What is ADR?

Contributed by HenryMoser and current to 27 July 2018

ADR refers to processes, other than judicial determination, in which an impartial person (an ADR practitioner) assists those in a dispute to resolve the issues between them.

ADR is commonly used as an abbreviation for Alternative Dispute Resolution, but can also be used to mean Assisted or Appropriate Dispute Resolution. It is at times also referred to as Primary Dispute Resolution (PDR).

Some people also use the term ADR to include approaches that enable people to prevent or manage their own disputes without outside assistance. This chapter describes only those processes in which an ADR practitioner directly assists people who are already in a dispute.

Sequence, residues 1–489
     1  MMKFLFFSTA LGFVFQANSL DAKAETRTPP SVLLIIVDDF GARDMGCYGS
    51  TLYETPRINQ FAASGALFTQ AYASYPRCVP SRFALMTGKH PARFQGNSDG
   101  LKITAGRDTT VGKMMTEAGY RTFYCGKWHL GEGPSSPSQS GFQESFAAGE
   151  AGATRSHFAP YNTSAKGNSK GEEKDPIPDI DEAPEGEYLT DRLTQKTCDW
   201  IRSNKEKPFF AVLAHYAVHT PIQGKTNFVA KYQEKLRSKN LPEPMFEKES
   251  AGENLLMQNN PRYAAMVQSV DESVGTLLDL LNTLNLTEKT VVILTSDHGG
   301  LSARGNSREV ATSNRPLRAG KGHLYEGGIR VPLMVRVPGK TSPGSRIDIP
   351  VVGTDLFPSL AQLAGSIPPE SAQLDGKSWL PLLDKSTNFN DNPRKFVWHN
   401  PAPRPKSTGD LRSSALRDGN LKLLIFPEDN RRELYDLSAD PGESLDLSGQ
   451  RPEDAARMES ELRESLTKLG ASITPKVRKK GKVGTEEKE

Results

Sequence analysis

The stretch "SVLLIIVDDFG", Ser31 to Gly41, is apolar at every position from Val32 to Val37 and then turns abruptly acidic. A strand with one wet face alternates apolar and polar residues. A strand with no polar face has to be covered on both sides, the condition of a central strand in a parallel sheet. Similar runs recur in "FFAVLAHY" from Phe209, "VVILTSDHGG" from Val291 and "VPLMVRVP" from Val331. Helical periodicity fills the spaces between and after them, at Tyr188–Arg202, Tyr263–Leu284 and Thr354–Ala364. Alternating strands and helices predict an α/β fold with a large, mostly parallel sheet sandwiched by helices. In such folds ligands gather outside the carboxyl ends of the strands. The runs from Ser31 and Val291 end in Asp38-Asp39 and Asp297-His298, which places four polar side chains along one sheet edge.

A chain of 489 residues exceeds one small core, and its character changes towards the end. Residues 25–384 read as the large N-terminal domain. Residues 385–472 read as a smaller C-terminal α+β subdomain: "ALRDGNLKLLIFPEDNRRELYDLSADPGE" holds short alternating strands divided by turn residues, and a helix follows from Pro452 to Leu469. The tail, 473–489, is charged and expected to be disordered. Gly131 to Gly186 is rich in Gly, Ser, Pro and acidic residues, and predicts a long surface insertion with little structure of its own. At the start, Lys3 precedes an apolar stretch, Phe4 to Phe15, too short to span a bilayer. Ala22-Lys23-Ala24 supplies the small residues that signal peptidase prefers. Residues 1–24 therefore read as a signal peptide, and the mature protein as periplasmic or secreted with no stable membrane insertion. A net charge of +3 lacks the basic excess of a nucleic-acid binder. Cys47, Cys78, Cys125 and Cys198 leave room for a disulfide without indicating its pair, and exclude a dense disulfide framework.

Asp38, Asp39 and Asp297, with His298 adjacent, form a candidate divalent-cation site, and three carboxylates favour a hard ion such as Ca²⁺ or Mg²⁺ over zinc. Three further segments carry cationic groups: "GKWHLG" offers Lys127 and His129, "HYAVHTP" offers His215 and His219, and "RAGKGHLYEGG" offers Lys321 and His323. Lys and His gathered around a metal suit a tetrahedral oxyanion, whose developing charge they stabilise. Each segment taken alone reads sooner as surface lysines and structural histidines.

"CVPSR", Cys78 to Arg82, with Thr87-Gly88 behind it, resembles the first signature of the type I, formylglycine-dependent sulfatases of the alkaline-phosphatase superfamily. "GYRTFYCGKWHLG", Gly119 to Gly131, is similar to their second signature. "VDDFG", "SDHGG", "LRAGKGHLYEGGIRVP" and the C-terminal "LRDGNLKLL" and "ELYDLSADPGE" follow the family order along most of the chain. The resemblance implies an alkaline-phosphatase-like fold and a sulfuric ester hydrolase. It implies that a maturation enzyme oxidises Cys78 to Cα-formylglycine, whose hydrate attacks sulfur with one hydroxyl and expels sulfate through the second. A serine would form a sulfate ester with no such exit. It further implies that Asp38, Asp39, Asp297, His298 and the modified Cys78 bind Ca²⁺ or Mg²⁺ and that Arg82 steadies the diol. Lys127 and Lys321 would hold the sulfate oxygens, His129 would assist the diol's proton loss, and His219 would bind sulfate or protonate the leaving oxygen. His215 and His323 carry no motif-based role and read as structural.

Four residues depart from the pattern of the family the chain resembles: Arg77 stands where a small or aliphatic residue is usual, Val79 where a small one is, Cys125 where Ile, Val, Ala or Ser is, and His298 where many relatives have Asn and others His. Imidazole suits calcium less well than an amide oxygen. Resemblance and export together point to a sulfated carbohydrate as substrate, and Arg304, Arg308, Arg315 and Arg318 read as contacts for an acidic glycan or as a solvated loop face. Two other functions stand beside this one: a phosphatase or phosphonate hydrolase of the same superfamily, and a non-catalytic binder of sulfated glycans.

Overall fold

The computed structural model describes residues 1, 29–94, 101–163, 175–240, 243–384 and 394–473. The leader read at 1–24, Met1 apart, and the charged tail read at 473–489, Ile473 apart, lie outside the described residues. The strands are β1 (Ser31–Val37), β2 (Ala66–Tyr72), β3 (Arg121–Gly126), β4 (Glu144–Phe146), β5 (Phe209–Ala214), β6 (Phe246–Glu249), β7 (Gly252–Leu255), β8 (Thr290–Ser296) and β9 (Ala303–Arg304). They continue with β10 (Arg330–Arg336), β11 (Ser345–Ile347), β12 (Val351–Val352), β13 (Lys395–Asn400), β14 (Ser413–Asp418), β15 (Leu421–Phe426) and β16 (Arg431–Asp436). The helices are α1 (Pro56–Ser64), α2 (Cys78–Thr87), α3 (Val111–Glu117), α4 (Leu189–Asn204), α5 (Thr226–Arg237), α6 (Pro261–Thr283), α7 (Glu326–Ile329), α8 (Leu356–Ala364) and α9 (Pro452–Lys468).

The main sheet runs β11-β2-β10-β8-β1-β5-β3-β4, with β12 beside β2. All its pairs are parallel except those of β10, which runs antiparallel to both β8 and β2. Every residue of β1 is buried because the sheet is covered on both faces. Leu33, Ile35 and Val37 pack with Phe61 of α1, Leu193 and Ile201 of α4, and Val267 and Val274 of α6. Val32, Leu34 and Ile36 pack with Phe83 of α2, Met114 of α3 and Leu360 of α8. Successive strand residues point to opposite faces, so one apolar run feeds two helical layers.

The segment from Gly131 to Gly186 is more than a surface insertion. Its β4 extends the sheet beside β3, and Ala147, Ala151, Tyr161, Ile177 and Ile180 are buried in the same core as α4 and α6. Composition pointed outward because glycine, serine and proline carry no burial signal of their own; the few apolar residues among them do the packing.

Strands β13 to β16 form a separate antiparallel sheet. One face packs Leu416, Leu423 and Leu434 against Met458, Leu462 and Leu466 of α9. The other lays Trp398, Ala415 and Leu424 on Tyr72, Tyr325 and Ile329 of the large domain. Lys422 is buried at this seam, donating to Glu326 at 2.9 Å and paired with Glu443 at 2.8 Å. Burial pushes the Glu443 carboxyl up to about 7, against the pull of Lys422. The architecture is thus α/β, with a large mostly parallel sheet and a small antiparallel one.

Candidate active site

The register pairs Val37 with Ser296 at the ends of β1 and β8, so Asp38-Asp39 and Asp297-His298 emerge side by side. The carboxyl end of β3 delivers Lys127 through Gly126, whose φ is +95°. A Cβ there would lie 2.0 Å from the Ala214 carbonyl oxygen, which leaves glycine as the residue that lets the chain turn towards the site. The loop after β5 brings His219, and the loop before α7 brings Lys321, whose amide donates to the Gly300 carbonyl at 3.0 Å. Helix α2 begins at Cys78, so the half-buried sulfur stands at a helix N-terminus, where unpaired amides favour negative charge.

There are three distinct ways to resolve conflict: based on rights, power, or concerns and needs (interests). Conflict resolution based on power often results in the person with the least power missing out. This may or may not be fair and may or may not resolve the conflict in the long term. Along the way, there is usually a power struggle which may continue beyond the ‘resolution’. Similarly, where conflict resolution focuses on the strict legal rights of each individual there will be one winner and one loser. In many situations, this is the appropriate outcome, so courts are called upon to decide, that is, to make a determination. The key feature of ADR is that a resolution is sought based on people’s needs; the objective of an ADR process is an agreement that everyone will find workable in the long term; one that suits the people concerned.

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